Automated optimization of discrete event simulations without knowing the model

Stoffers, Mirko; Wehrle, Klaus (Thesis advisor); Fujimoto, Richard (Thesis advisor)

Düren : Shaker Verlag (2019)
Book, Dissertation / PhD Thesis

In: Reports on communications and distributed systems 19
Page(s)/Article-Nr.: 216 Seiten : Diagramme

Dissertation, RWTH Aachen University, 2019

Abstract

Modeling and simulation is an essential element in the research and development of new concepts and products in any domain. The demand for the development of more and more complex systems drives the complexity of the simulation models as well. If such simulations are not executed efficiently, overly long execution times hamper conduction of necessary experiments. We identified two major types of resources that must be used efficiently to reduce simulation runtime. On the one hand, multiple computing instances (e. g., CPU cores) can be used to distribute the workload and perform independent computations simultaneously. On the other hand, workload stemming from redundant computations can be avoided altogether by exploiting the presence of unused main memory to store intermediate results. We observe that typically in the development cycle of products and simulation models neither time and resources nor required expertise is available to apply sophisticated runtime optimization manually. We conclude that it is of utmost importance to investigate approaches to speed up simulation automatically. The most prevalent challenge of automating optimization is that, at the time of researching and developing the acceleration concepts and tools, the model is not yet available, and we need to assume that the model will not be implemented for a specific optimization technique. Hence, our methodologies need to be devised without the model at hand, which can only be used by the finally implemented optimization tool at its runtime. In this thesis, we investigate how computer simulations can be automatically accelerated using each of the two optimization potentials mentioned above (multiple computing instances or available memory) without the model being provided at the time of researching the concepts and developing the tools. For the utilization of multiple computing instances we devise methodologies to automatically derive data-dependencies directly from the model implementation itself, enabling to discover more independent, hence parallelizable, work items. We investigate the capabilities of doing so either statically—while compiling the model implementation—or dynamically—while the simulation runs. The gathered knowledge can be used not only in conservatively synchronized parallel simulations but also enables to dynamically switch to more optimistic paradigms. For the utilization of available memory we explore the opportunity to avoid redundant computations altogether. We base this on the observation that such redundancies occur frequently in many simulations and simulation parameter studies. Our approach to automatically avoid redundant computations operates on almost arbitrary input code, hence being generally applicable, especially in the modeling and simulation domain. By combining the two optimization vectors we unleash the full power of both at the same time. We demonstrate that our approaches are able to accelerate the simulations in a parameter study by a factor of more than 600 such that the entire study—including fixed setup and teardown efforts—can execute more than 200 times faster than without optimization. We conclude that the methodologies discussed in this thesis demonstrate the potential to speed up simulations without prior knowledge about the model to optimize.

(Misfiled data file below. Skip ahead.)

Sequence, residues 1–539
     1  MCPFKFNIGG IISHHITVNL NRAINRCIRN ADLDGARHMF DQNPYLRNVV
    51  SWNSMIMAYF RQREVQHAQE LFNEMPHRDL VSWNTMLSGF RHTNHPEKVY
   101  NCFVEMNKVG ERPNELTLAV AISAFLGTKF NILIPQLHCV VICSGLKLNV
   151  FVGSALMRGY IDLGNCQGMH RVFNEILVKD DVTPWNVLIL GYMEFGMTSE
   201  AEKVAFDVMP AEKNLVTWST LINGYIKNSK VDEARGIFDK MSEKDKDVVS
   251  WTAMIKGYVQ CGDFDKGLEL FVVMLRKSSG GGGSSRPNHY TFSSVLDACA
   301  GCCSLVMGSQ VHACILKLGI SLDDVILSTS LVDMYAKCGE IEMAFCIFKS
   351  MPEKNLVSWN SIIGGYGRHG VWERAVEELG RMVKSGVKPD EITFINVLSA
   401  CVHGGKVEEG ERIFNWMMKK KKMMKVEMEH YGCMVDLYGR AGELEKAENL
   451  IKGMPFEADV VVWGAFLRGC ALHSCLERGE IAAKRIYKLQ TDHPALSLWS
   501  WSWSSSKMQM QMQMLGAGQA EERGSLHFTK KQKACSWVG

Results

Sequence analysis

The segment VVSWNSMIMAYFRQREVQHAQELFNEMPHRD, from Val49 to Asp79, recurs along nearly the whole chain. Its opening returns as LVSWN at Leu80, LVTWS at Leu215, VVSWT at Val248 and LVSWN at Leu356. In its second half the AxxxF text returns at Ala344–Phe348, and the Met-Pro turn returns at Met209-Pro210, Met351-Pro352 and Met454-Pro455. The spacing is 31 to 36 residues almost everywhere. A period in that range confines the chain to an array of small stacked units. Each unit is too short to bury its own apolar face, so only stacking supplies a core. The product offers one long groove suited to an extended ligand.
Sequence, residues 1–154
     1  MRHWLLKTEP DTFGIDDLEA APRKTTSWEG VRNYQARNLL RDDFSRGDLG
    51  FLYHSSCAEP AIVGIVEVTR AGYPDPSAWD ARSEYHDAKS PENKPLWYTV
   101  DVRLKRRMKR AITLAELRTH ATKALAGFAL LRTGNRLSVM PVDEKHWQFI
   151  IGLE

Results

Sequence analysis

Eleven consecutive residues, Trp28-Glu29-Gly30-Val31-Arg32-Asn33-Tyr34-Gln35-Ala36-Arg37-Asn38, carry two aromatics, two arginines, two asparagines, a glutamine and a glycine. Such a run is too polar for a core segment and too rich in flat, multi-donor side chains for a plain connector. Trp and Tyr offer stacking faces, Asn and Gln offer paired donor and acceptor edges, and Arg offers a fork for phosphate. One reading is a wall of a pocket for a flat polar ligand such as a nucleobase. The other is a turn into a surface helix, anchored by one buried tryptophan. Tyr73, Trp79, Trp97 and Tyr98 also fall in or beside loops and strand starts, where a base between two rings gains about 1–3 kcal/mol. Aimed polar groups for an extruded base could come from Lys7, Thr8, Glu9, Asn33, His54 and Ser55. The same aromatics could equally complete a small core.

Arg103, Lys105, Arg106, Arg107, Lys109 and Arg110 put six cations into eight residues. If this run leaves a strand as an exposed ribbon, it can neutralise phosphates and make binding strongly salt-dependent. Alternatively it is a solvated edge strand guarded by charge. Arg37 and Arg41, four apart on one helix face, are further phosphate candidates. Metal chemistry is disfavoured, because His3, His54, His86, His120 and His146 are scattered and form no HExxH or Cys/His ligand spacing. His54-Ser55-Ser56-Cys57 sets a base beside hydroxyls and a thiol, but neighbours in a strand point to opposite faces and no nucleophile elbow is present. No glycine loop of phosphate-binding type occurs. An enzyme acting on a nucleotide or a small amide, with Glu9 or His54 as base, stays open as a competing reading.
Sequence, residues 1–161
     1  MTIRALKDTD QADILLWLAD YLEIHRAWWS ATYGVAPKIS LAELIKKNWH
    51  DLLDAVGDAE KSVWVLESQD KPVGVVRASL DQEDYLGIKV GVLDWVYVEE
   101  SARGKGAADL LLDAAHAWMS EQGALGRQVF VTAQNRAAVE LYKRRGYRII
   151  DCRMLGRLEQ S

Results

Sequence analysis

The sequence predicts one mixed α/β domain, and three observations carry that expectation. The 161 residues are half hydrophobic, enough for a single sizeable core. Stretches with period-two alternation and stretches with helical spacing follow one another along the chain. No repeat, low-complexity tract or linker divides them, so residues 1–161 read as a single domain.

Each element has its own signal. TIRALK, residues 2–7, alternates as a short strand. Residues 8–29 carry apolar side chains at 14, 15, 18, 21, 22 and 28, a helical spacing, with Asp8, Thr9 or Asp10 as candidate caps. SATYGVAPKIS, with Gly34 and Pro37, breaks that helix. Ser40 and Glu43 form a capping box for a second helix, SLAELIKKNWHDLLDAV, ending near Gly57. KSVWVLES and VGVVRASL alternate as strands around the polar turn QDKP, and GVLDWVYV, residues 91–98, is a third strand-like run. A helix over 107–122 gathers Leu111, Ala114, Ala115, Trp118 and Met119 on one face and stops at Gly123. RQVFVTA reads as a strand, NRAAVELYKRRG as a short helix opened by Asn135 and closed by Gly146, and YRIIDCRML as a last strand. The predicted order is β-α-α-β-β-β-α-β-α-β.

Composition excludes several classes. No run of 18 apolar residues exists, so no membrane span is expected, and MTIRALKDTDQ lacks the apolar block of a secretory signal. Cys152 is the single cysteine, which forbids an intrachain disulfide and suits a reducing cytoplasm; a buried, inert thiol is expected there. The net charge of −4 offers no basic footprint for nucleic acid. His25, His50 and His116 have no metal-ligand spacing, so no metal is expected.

Identifier

  • ISBN: 3-8440-6973-9
  • ISBN: 978-3-8440-6973-0
  • RWTH PUBLICATIONS: RWTH-2019-09670